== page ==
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MUJI's New City-Living Prefabricated Vertical House

by Joseph Lo January 04, 2022

MUJI's New City-Living Prefabricated Vertical House


MUJI, a Japanese design company, has ventured into architectural terrain. After collaborating with Kengo Kuma to create two prefab houses a few years ago, the business has released a Vertical House in Tokyo. The dwelling is streamlined and efficient, accommodating all of the needs of residential life on a tiny parcel of land.



The product, designed for Tokyo's crowded urban surroundings, is a slim three-story structure free of inner walls and doors, with enormous north-facing windows to provide enough sunshine indoors. The split levels and open floor layouts enable related programs to link and provide a logical flow of movement.




The whole house epitomizes the utilitarian beauty of MUJI's minimalist design ethos, and it was designed to match MUJI furniture and goods.




What's fascinating, at least to this Westerner, is how they went about it. First and foremost, there are the anti-earthquake joints. Where beams meet columns in traditional Japanese building, intricate mortise-and-tenon joints (seen below right in the line drawing) are used. Muji's design (bottom left in the line sketch) beefs up the individual components and replaces wooden tongues with sturdy metal designed to enhance strength under seismic pressures.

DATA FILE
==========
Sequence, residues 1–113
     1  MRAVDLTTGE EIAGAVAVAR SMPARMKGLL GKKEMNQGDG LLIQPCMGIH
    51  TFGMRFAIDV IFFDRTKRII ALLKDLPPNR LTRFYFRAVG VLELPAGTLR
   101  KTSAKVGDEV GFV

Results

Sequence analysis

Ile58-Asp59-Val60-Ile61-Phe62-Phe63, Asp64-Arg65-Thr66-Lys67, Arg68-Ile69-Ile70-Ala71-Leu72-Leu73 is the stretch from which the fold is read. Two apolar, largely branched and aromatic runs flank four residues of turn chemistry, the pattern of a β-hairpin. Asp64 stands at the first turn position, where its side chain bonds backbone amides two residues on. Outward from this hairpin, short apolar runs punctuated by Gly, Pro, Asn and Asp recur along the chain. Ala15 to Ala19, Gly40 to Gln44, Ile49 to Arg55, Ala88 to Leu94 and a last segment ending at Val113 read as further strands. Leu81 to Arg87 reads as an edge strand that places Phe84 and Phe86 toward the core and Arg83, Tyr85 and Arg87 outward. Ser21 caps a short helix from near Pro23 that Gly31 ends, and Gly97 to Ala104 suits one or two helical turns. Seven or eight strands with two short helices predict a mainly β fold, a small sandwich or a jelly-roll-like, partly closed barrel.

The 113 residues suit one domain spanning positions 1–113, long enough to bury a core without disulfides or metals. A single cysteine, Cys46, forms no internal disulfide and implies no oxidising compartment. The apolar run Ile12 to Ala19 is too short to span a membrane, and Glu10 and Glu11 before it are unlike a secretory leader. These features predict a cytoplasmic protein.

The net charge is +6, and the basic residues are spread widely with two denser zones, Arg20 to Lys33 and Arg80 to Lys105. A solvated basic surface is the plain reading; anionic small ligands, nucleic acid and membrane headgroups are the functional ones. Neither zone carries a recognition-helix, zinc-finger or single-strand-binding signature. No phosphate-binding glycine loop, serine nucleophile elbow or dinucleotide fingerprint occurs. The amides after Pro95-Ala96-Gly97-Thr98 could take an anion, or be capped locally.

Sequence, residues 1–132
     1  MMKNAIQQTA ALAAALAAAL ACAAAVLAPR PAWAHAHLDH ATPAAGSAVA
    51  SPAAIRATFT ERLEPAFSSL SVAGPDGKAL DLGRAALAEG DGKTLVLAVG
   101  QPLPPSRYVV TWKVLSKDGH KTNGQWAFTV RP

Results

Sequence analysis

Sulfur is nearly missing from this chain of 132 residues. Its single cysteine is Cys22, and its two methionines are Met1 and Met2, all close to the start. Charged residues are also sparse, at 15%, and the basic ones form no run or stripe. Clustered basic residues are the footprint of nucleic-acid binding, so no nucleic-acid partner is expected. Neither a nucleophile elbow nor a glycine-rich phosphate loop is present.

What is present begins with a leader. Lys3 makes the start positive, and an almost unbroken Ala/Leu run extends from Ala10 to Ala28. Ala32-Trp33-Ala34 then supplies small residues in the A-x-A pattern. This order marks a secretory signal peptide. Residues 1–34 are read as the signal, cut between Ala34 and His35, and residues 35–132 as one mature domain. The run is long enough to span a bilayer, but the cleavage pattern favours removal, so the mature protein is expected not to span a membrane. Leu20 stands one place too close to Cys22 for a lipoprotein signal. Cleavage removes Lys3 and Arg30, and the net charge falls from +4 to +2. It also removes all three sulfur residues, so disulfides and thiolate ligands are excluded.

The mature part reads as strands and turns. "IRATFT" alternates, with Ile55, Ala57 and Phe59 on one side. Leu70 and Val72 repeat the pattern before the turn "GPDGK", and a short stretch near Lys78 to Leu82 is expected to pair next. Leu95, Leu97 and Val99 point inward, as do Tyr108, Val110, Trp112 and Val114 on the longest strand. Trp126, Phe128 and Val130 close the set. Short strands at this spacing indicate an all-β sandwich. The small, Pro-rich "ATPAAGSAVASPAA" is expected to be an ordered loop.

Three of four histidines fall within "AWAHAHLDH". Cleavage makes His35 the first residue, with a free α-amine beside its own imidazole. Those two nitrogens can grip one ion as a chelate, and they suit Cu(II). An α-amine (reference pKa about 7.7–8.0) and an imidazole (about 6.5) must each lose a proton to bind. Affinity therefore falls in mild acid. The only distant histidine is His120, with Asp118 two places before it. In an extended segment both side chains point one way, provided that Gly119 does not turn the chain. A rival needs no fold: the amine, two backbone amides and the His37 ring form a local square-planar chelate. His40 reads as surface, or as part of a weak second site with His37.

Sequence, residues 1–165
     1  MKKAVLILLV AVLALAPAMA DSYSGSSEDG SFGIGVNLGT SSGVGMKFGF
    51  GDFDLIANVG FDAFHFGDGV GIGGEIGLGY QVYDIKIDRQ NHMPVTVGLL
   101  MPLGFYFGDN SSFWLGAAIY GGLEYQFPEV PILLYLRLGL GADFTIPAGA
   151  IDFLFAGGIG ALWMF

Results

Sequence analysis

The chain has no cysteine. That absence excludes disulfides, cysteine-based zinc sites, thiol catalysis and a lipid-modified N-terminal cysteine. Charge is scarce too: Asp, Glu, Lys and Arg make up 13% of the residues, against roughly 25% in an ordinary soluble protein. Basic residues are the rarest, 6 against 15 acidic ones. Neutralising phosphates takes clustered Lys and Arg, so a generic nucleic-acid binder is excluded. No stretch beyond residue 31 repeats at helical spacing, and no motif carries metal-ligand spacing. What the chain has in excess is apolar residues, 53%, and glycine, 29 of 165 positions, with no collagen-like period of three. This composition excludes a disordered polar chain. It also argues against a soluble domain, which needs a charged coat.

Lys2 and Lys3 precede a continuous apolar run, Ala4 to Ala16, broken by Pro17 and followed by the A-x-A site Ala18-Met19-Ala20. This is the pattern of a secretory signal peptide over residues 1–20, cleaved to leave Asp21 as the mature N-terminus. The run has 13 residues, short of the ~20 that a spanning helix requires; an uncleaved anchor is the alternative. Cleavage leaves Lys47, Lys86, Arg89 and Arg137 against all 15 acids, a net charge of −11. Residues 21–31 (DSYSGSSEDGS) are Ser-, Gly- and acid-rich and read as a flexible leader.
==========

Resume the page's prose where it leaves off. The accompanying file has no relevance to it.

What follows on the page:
The second point to mention is how they've opted to split the area. Building upwards is a no-brainer in a plot with a small footprint, but rather than having contiguous floors, they've decided to first bi-sect the home with an open staircase and then add somewhat staggered levels to either side to create six discrete "zones."




It's like having a series of different-height lofts instead of traditional levels or stories. By staggering the floors in this way, each "zone" is separated and delimited by the position of its floor in space, rather than by potentially claustrophobic walls trapped inside such a compact footprint. (Cultural note: While this would not fly in today's privacy-obsessed America, consider that traditional Japanese homes are far less likely to invite "company," or non-family members, into their homes; and that the traditional Japanese concept of privacy consists of nothing more than a rice-paper-thin sliding door.)


The ceiling heights are estimated in a haphazard manner. The mud-room-style open-air doorway, which is intended to keep bicycles or act as a half-carport, has a low ceiling, as do the ground-floor laundry room and the kitchen above it, all of which are considered workstations where an open, airy height is not a requirement. The living area, where family members will relax, has the highest ceiling in the home, standing at three meters. And, as befits status in a Confucian-influenced society, the master bedroom's ceiling height is somewhat higher than the ceiling height of the children's room.


The above-mentioned setup is the baseline design. However, the company recognizes that their customer base will have varying needs, desires, and budgets; single or married, pet-owner, musician in need of a practice room, entrepreneur in need of a ground-floor business or café in front of the house, families caring for an elderly relative who may not wish to ascend stairs, and so on. As a result, they provide a total of seven options:









The price of these residences ranges from 20 to 25 million yen (approximately $178,000 to $223,000) depending on the configuration chosen by the customer.












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